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McCain-Obama Foreign Policy Debate Ignores Reality in Iraq

Friday, May 23, 2008

The sniping between Barack Obama and the GOP over negotiating with rogue state leaders and other unsavory characters is even more removed from reality than the usual campaign rhetoric. The question of whether a President Obama would sit down with Iranian leaders grabs attention, but is largely irrelevant. Far more relevant is the fact that in Iraq -- the highest-stakes arena of U.S. foreign policy -- Americans already routinely negotiate with their enemies.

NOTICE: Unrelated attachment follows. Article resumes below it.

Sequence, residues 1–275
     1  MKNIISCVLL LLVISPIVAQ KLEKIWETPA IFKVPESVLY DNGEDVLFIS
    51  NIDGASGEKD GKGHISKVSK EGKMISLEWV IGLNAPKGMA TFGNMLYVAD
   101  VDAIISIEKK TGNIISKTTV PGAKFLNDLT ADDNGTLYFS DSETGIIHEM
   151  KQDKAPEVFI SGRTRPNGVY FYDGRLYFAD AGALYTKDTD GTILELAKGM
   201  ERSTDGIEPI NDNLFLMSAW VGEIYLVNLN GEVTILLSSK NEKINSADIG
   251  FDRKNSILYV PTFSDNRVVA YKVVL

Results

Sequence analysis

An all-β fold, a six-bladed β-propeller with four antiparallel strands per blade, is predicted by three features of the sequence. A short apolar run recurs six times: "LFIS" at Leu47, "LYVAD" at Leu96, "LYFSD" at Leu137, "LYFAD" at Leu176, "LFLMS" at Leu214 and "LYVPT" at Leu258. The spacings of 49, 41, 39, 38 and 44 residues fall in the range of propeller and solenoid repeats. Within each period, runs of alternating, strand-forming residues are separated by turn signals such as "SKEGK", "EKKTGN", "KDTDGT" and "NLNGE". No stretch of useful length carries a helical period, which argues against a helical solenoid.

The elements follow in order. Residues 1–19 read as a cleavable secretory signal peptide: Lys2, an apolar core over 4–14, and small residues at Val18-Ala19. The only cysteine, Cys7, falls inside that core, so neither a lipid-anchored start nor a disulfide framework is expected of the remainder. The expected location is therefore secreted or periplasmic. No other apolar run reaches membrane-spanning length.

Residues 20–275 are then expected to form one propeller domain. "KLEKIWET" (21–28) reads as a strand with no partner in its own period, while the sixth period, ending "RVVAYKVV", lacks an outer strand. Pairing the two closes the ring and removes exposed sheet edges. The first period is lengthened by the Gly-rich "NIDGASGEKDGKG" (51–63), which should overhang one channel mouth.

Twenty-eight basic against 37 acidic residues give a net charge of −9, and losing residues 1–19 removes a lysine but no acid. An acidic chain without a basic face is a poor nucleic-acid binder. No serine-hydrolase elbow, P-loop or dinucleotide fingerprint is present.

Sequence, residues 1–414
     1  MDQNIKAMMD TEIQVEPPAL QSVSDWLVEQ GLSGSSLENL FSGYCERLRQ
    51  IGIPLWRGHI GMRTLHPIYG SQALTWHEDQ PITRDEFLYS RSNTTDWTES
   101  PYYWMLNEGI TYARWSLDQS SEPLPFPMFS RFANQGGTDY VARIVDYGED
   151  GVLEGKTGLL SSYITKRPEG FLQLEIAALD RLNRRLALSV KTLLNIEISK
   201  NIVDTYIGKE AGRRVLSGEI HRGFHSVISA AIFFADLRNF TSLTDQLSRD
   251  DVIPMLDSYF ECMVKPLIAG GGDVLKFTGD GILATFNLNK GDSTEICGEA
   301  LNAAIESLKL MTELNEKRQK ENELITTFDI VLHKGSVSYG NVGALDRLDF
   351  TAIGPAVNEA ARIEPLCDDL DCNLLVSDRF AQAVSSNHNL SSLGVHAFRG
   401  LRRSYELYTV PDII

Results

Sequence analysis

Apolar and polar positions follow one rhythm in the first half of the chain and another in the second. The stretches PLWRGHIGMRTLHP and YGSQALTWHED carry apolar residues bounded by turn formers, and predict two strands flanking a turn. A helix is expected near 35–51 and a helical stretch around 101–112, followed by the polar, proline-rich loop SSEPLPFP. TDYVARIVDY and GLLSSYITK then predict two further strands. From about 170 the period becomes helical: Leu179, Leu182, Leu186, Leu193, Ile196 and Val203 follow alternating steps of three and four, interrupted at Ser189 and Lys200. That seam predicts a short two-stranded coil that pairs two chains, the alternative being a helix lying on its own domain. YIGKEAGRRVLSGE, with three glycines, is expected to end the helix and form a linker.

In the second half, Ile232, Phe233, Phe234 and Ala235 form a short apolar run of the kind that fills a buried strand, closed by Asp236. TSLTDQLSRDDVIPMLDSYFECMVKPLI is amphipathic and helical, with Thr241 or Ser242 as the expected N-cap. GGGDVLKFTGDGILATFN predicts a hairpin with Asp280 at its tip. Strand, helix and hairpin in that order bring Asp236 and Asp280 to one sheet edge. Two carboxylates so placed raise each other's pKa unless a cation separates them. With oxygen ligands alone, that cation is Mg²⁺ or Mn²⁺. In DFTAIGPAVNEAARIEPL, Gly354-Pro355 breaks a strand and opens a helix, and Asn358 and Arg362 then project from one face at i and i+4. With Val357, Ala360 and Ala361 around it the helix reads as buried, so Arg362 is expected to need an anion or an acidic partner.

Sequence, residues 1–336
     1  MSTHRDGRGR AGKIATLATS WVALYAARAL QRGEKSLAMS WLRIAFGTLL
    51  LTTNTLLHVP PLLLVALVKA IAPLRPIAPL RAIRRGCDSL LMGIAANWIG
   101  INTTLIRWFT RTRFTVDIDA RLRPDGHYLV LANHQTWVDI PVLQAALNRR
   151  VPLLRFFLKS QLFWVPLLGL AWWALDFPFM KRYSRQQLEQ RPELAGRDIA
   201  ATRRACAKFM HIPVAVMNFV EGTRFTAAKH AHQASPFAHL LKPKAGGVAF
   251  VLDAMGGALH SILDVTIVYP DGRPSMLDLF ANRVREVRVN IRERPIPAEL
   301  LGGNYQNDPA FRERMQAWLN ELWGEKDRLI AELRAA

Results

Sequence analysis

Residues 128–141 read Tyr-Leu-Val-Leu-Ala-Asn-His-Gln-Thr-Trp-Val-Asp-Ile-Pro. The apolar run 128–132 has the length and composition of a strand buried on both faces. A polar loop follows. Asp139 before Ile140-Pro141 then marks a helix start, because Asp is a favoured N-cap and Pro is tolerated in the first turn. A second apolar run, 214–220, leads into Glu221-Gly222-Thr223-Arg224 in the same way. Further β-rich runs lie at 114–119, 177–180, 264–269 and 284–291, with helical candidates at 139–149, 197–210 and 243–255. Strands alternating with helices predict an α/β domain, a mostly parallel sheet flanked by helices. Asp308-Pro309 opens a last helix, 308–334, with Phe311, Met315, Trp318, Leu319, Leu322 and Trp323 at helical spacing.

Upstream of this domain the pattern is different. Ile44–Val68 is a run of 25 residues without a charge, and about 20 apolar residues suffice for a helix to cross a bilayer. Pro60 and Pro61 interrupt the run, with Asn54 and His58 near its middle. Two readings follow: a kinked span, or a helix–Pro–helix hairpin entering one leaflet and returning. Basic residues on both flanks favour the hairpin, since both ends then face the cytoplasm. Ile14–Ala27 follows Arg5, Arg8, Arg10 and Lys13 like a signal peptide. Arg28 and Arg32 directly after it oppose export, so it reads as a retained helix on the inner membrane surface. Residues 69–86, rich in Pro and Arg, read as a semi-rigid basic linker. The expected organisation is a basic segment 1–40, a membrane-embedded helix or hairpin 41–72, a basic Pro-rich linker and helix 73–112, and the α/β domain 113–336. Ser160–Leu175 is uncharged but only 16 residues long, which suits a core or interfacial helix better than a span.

From American soldiers and Marines meeting with Sunni insurgents and Shiite militiamen, to American diplomats meeting with their Iranian counterparts, negotiation has been at the heart of America's Iraq strategy for years now. In the case of the Sunni insurgents, a willingness to negotiate and compromise yielded one of the most stunning successes of the mostly disastrous American occupation. By identifying and exploiting conflicts between hard-core religious radicals and more pragmatic insurgents, the U.S. military has been able to decimate organizations that had been its most vicious and implacable foes. ...

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